• Nordic Nickel announces its new substantial shareholders following its June 2 debut
  • Sigma Healthcare defies ASX health stocks to keep rising and attract new substantial shareholders
  • Hard-hit e-commerce and health stocks among those to lose substantial shareholders

Trading Places is Stockhead’s semi-regular, pretty damn fascinating recap of the latest red flag buying and selling of ASX small and mid cap shares.  It is here that the rubber really hits the road for fund managers, stakeholders, distant (and not-so-distant) relatives and other famous or infamous investors.

Specifically, Trading Places tracks substantial shareholder movements – namely when a trade in a company’s stock crosses or falls below the 5% threshold.

Substantial shareholders are usually directors, individual investors, institutional investors… or their distant (and not-so-distant) relatives, which they will refer to as listed related bodies corporate or something similar. You can see in detail these listed bodies on the company’s ASX announcement.

Shareholders are required by basic human decency (and the law) to publicly declare via the exchange when their personal stake goes below or above 5%, and from there, every movement in their holdings while owning above 5%.

The becoming and ceasing to be a substantial shareholders are the ones we think are worth noting, where a trade takes an investor over the 5% threshold or has them drop back below.

Here’s the form to get you started, if reading this makes you twitchy.

Fortnight overview

Markets have been volatile throughout 2022, culminating in $82 billion being wiped from the ASX on Tuesday in its worst session since March 2020. As the market entered correction territory following a broad Wall Street sell-off, millions were wiped from company market caps.   Rising inflation, hawkish central banks and slowing economies have investors jittery. Whether trying to nab a bargain, prevent losses or purchase stocks well-positioned for bearish sentiment, there has been some large buys and sell-offs on the ASX during the past fortnight.
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Buyers – Becoming

Olympio (ASX:OLY) has announced its new shareholders including Rocktivity Mining executive director Daniel Hoghton and Electrification and Decarbonization AIE LP, a 100 per cent-owned subsidiary of Toronto-based Waratah Capital Advisers, which has come on as a cornerstone investor.

Olympio was formerly failed hemp stock Croplogic, which re-listed as the WA gold, nickel, and lithium explorer late last month. It raised $6m at 20c per share.

Nordic Nickel (ASX:NNL) put out announcements about its substantial shareholders following its June 2 debut, including resources veteran Robert Wrixon and someone hoping the company will do well to “Bring on Retirement”.

NNL is chasing up some old Outoukumpu targets at its 395sqkm Pulju Project over in Finland and hopes to deliver an initial JORC resource estimate on the back of re-assays from the project’s remaining core within months of listing.  The company closed 16% higher on its debut at 29c after raising an impressive $12 million at 25c a pop.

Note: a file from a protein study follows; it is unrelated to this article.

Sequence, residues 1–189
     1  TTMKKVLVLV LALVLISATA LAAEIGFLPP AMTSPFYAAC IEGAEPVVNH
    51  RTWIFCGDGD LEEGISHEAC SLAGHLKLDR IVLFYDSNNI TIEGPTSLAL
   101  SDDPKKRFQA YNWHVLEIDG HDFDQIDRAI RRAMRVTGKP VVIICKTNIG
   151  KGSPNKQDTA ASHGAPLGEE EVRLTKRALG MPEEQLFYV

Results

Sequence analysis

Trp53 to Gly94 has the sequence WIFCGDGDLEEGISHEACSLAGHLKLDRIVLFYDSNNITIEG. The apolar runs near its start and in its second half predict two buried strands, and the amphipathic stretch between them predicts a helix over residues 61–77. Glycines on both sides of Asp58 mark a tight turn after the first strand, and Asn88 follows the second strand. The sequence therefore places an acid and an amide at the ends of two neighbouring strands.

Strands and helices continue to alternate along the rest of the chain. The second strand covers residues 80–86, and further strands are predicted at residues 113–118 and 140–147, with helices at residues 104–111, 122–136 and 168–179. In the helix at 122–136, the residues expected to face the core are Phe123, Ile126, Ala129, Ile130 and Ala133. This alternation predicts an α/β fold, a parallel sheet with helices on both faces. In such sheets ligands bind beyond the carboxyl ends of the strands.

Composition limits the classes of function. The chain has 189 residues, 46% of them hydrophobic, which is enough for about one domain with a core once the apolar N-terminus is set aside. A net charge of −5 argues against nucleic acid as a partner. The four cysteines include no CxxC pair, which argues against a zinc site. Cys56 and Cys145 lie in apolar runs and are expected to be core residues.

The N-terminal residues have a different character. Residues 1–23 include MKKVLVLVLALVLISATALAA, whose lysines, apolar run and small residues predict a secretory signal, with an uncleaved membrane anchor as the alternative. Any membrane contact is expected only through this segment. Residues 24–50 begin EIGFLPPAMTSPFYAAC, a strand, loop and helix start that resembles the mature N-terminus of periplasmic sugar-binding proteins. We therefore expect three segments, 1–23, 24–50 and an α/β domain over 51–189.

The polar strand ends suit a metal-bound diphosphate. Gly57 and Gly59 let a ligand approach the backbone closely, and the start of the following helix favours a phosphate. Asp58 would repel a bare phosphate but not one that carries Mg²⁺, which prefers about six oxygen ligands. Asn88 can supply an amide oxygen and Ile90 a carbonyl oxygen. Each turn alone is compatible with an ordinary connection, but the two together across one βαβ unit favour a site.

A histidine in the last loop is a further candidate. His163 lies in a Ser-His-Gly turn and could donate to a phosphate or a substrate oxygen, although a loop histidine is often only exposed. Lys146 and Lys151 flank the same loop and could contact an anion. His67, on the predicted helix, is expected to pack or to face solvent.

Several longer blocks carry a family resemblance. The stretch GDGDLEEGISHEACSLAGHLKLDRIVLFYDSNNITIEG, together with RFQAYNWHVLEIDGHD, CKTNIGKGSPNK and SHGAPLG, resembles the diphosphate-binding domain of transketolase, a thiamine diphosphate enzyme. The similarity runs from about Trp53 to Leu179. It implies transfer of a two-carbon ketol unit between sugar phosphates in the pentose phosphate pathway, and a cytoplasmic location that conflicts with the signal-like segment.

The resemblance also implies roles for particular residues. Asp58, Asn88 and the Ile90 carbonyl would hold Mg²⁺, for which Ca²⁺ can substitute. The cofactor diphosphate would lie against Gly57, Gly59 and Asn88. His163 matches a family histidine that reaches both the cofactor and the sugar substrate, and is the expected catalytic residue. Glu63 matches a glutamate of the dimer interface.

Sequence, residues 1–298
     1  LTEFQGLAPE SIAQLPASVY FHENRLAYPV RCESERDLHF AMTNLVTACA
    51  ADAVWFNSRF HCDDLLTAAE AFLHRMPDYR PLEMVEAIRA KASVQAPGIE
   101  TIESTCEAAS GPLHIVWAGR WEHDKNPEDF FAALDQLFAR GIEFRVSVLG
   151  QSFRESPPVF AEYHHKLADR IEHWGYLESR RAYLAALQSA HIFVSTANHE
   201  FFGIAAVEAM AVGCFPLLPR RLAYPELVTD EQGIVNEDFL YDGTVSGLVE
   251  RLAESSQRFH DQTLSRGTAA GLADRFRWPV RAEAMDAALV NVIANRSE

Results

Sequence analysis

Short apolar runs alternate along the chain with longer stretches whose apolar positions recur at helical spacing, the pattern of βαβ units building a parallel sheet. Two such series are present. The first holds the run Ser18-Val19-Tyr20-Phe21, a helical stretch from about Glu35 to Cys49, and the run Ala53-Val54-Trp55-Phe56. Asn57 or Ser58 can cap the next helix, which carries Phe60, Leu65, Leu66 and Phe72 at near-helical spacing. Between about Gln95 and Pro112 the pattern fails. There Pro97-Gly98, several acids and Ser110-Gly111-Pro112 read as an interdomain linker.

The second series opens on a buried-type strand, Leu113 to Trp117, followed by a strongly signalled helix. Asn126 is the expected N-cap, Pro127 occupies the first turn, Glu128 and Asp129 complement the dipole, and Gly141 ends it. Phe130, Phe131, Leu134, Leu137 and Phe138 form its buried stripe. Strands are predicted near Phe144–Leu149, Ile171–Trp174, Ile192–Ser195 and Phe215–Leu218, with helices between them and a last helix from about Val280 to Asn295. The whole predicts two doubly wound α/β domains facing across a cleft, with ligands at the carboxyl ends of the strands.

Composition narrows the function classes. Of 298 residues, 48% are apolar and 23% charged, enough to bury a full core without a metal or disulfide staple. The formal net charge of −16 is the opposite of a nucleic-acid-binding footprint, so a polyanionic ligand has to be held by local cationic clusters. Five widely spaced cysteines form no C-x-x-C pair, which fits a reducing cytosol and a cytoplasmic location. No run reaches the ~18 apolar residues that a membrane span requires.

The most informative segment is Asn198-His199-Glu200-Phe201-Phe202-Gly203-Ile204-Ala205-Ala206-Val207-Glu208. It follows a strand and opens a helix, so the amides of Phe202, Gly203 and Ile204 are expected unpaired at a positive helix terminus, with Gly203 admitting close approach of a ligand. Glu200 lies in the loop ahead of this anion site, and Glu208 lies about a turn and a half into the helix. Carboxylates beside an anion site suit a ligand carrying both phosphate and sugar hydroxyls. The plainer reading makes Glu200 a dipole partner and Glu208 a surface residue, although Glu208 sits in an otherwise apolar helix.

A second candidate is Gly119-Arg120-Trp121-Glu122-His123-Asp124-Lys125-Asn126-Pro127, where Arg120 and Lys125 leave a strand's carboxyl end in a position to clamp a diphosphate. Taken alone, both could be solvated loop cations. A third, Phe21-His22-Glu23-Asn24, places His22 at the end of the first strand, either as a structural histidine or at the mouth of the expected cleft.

Pharmacy group Sigma Healthcare (ASX:SIG) found itself with a number of new substantial shareholders this fortnight. Sigma’s share price has defied the odds of other ASX healthcare stocks in the past month and risen more than 7%.

Sigma is one of Australia’s largest full line pharmacy wholesalers in Australia, and has the largest footprint of branded pharmacies along with an expanding national hospital services business.

Sellers – Ceasing

As the battle for fertility company Virtus Health (ASX:VRT) comes to an end, failed London-based equity firm CapVest has ceased to be a substantial shareholder after Melbourne-based BGH gained the upper hand.

BGH now holds more than a 90% holding in Virtus after steadily increasing its shareholding in the company, with the board earlier this month urging shareholders to back the offer.

Several ASX health stocks saw investors ceasing to be substantial shareholders. The S&P/ASX 200 healthcare index has been hard hit by this year’s volatility, falling ~15% year to date.

Boutique fundie SG Hiscock & Company Ltd has ceased to be a substantial shareholder in BikeExchange (ASX:BEX), the place to go and sell a bike.

The ecommerce space has been hit hard of late with recent sell-offs in growth stocks amid market volatility with the BikeExchange share price dropping more than 43% in the past month.

The fall comes despite another record in Europe for monthly ecommerce transaction values and is on track for a record Q4 FY22, while the BEX restructuring and cost reduction plan announced in April 2022 is largely done with the benefits expected to be felt from Q1 FY23.

Other ecommerce stocks where substantial shareholders have been selling out include Laybuy (ASX:LBY) and Kogan (ASX:KGN). 

Smart cloud connectivity company Megaport (ASX:MP1) has seen UBS Group AG and its related bodies corporate sell out. Megaport has struggled of late with its share price plummeting more than 18% in the past month.

In March founder and chairman Bevan Slattery offloaded 3 million shares in a trade via the UBS equities desk, equating to ~$39 million.